Editor's Note: The following was written by ledellforlife as part of our Summer Project. Previously, Truthaboutit remembered flash in the pan Robert Pack and hotplate discussed prototypical backup center Jim McIlvaine. -PM
For specific Ledell stories (of which there are many) I refer you to the links with Truthaboutit helpfully supplied. We Rite Goode has an especially funny remembrance of this especially mediocre player. Unfortunately, this will read less as an analysis of Mr. Eackles’ game, and more as a virulent screed against his character and basketball prowess.
There is a certain insouciance that Bullets fans possess towards old Bullets. The Celtics may have their banners; the Lakers had Showtime, but the Bullets blazed a new trail by pairing a really tall guy with a really short guy. Needless to say, what the team lacked in competitiveness, it made up for in sheer comedy value. The pratfalls of the organization have been portrayed with hilarious results by sites such as Wizznutzz, and to a lesser degree the more serious minded citizens of Bullets Forever. As we look back on the Dark Ages of the late 1980s and early 1990s, it is hard to not smile when recalling the basketball stylings of a Pervis Ellison or Tom Hammonds. However, despite these happy memories, a miserable cloud also hangs over this timeline, and that cloud’s name is Ledell Eackles.
If you weren’t a Redskin fan in the 1980s, growing up a sports fan in the District was a difficult proposition. Every year I had to face the prospect of Sports Illustrated either ranking the Bullets or Orioles among the lower echelon of their respective leagues or deriding each organization’s chances of making an impact in the playoffs. Tearfully, I would write the publication and defend the hitting of Joe Orsulak, and the fine low post play of Bernard King. As irrational as it was, defending the indefensible (with the exception of Bernard) became my obsession. Harvey Grant was the better brother; Charles Jones was a savvy vet, the list was endless.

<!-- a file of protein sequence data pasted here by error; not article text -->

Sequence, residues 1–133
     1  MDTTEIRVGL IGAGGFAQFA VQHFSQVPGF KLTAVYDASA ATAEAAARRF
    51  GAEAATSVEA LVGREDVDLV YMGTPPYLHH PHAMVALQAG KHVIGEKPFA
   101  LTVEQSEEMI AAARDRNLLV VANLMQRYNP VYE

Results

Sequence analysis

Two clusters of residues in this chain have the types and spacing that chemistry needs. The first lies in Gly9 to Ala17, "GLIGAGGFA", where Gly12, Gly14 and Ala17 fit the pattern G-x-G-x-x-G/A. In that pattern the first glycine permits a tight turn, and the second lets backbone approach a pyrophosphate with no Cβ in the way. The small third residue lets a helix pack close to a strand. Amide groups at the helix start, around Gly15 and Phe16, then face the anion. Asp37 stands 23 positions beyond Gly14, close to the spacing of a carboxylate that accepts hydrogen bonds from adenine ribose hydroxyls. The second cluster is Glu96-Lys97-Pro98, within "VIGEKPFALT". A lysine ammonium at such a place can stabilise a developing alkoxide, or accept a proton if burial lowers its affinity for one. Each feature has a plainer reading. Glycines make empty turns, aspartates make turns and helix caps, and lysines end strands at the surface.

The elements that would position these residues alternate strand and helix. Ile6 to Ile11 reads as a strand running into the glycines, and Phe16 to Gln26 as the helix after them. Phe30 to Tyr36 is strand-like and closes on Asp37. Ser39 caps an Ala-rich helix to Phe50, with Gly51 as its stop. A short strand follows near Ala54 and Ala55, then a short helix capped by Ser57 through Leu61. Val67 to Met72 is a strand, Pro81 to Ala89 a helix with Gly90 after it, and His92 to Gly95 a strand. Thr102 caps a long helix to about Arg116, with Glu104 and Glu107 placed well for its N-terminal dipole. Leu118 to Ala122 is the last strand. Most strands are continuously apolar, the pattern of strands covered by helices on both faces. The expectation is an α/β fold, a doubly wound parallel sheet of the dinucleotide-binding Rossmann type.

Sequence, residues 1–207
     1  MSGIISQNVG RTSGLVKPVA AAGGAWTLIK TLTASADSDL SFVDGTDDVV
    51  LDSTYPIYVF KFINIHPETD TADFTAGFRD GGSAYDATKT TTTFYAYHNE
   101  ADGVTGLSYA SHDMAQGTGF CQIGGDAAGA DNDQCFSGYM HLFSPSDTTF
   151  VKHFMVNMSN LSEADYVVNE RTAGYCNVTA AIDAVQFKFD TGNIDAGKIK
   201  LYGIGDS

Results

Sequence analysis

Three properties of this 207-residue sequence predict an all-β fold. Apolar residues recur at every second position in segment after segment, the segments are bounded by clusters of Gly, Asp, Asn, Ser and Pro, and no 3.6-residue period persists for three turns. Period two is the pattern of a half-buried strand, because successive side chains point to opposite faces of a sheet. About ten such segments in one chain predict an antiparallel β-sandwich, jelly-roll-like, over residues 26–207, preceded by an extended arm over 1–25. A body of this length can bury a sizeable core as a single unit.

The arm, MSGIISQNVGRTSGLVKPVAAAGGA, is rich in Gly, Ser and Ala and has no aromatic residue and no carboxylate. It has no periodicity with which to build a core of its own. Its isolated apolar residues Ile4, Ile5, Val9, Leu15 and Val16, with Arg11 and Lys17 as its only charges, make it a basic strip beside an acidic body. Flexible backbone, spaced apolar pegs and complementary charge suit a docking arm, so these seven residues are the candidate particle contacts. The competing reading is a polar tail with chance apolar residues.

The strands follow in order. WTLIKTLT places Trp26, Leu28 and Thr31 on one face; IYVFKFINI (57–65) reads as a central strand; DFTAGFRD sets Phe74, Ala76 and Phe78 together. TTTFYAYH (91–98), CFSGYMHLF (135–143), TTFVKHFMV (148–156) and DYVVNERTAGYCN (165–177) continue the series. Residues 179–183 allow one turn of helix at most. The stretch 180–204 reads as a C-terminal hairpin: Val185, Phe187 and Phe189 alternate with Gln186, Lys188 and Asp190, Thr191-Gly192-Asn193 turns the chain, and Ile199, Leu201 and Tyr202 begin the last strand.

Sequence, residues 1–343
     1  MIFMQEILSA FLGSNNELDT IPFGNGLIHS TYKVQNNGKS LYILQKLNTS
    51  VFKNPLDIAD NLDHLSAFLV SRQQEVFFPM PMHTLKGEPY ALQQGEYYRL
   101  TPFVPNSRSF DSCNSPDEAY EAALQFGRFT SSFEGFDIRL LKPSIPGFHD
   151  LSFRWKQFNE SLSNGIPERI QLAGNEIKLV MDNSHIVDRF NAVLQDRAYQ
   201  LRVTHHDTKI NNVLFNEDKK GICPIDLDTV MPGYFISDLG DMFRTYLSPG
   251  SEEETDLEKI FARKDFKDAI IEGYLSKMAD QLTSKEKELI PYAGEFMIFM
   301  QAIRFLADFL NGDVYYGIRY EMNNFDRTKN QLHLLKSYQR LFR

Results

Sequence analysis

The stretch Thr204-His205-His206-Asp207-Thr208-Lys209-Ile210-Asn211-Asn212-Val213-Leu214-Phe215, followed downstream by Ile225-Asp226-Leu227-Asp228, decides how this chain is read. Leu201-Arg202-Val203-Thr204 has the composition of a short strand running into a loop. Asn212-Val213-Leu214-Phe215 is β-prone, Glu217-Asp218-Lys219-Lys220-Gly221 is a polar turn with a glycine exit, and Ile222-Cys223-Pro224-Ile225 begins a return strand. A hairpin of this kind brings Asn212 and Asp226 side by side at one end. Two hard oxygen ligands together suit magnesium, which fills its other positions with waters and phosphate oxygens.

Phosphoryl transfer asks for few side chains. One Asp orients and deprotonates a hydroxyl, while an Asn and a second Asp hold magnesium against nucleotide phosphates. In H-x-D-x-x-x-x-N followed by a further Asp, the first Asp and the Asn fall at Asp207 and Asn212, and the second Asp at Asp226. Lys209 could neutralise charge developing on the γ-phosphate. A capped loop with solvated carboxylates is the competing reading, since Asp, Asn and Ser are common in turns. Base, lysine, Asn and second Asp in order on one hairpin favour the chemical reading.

Ledell was different in that he finally removed the red and blue colored glasses from my eyes. For here was a Bullet who was truly unlovable; a fat guard that shot the ball at a rate that boggled the mind. Kevin Duckworth and John Williams may have been fat, but fat centers were not unheard of in the NBA. Muggsy Bogues was short, but he could be considered an evolutionary dead end as teams continued to move towards bigger "hybrid" guards. Ledell Eackles was rotund; at a position where svelteness was recommended.
But what truly boggled the mind with Ledell Eackles was the complete lack of conscience in regards to shooting the basketball. Ledell would jack it up from all angles, regardless of situation or defense. He had a career 3PT% of .334. Furthermore, he never got to the line. The picture included above perhaps best encapsulates Ledell in the wild, plowing through multiple defenders on the way to hoisting up another ill advised jumpshot. Suffering through another 3-15 performance against the Bulls, I would find myself screaming at the television asking why anyone would allow such a no talent hack become the crunch time scorer for a professional basketball team.
The answer came many years later while writing this article. My early Bullets knowledge had become a bit blurry, but I was stunned to find that the starting five for the Bullets on several occasions was the following murderer’s row: Michael Adams, Larry Stewart, Tom Hammonds, Charles Jones and David Wingate. I knew the Bullets had been terrible, but the quality of that starting lineup, nicely underscores the dire straights the organization was in at the beginning of the 1990s. Ledell bleeping Eackles, that stupid fat guard, WAS our best option. "No Your roll," indeed.
So Ledell, I forgive you, have a hotdog on me.